“Constructed photography” is the art-critic term for what James Casebere does. Less formal terms might invoke “mystery” or “dream settings” or “uncanny perspectives.” But however you react to his moody, thought-inducing photos, their power is undeniable.
Casebere goes small for big impact. He creates tabletop environments, like elaborate dioramas, and then lights them to produce large photographs, interior landscapes of places that maybe, might, or should exist. At first, early in his career, these model rooms were obviously artificial and occasionally included a real-world object, such as a fork, invading the space. More recently, the rooms are astoundingly accurate, with precise physical and historical details.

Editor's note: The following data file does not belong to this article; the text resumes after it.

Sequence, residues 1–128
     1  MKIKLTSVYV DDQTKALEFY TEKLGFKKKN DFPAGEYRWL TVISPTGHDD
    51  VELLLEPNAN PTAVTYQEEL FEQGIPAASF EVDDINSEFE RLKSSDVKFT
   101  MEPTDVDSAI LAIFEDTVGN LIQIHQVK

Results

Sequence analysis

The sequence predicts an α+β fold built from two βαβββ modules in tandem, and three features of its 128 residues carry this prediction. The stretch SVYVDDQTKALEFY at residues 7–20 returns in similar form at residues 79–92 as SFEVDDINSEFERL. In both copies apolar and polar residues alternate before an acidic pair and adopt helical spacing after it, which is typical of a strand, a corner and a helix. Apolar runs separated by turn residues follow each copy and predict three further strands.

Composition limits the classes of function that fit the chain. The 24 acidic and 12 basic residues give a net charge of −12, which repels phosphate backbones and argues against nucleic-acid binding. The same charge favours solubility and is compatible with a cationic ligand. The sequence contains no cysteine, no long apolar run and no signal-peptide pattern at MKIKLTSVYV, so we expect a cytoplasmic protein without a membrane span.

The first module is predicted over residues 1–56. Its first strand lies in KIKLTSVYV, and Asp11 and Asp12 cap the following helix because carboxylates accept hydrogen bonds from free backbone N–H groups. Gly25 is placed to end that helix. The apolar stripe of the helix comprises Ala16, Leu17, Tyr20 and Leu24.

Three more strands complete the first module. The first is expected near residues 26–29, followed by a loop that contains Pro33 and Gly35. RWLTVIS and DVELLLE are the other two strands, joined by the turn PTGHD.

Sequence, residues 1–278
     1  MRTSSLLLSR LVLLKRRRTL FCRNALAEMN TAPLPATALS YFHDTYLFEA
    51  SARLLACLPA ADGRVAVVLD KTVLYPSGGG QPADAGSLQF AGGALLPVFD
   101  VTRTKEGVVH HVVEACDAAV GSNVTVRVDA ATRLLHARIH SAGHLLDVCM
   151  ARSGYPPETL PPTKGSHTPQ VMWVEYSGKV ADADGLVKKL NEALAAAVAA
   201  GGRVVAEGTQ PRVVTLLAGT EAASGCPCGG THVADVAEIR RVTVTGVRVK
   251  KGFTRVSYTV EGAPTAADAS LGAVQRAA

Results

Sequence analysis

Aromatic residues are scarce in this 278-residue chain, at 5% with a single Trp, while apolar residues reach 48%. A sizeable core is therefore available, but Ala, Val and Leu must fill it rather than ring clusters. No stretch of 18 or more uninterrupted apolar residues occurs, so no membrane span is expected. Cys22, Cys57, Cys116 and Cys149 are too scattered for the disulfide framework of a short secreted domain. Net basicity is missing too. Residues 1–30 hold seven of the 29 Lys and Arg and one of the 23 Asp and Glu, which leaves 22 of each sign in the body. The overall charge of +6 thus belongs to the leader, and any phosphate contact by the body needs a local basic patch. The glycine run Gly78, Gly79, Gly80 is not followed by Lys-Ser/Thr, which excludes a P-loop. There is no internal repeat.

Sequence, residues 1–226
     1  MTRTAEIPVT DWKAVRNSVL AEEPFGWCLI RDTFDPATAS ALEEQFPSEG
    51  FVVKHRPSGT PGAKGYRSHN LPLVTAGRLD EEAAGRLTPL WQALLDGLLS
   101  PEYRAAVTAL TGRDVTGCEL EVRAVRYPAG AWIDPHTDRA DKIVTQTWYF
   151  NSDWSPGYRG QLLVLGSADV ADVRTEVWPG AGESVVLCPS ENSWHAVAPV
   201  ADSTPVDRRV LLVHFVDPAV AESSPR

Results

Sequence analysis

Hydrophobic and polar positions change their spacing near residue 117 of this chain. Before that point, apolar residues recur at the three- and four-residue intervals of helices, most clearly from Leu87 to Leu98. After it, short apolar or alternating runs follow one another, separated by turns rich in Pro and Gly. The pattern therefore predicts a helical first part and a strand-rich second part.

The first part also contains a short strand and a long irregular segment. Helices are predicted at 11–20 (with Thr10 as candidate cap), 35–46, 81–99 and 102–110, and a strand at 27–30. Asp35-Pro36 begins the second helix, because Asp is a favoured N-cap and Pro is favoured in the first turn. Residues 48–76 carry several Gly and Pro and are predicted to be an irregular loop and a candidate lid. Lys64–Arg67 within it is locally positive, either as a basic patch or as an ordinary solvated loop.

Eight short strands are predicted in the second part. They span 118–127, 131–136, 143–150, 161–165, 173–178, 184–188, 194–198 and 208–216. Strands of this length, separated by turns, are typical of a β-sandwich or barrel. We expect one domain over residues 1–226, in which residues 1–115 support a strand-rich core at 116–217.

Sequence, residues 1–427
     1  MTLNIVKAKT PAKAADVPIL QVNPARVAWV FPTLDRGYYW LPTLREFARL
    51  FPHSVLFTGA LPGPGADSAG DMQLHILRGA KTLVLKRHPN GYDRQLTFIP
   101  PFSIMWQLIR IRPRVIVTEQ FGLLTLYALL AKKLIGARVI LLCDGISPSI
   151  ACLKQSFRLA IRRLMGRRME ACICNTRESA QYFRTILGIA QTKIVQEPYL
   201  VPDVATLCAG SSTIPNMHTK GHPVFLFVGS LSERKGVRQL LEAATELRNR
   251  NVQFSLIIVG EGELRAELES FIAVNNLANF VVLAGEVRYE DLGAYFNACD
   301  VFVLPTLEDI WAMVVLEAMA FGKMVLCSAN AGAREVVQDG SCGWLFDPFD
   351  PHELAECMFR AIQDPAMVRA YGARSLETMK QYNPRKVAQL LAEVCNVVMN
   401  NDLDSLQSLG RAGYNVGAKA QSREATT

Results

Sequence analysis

His subject isn’t really the rooms or spaces themselves, but what they might evoke in viewers. He’s created ambiguous, anonymous hallways, but also specifically historic locations: rooms from Andalusian Spain, or Berlin’s Reichstag Building, or Thomas Jefferson’s Monticello. A particular project on the Atlantic slave trade included settings from West Africa, Southern plantations, and the West Indies. More recently, he’s “gone outside” by constructing small suburban-development landscapes on rolling hills.
Casebere’s ability to mine consistently surprising meaning out of a singular technique has won him regular attention and honors. His works are in the largest major American museum collections, and he’s both a Guggenheim Fellow and a multiple recipient of fellowships from the National Endowment for the Arts and the New York State Foundation for the Arts.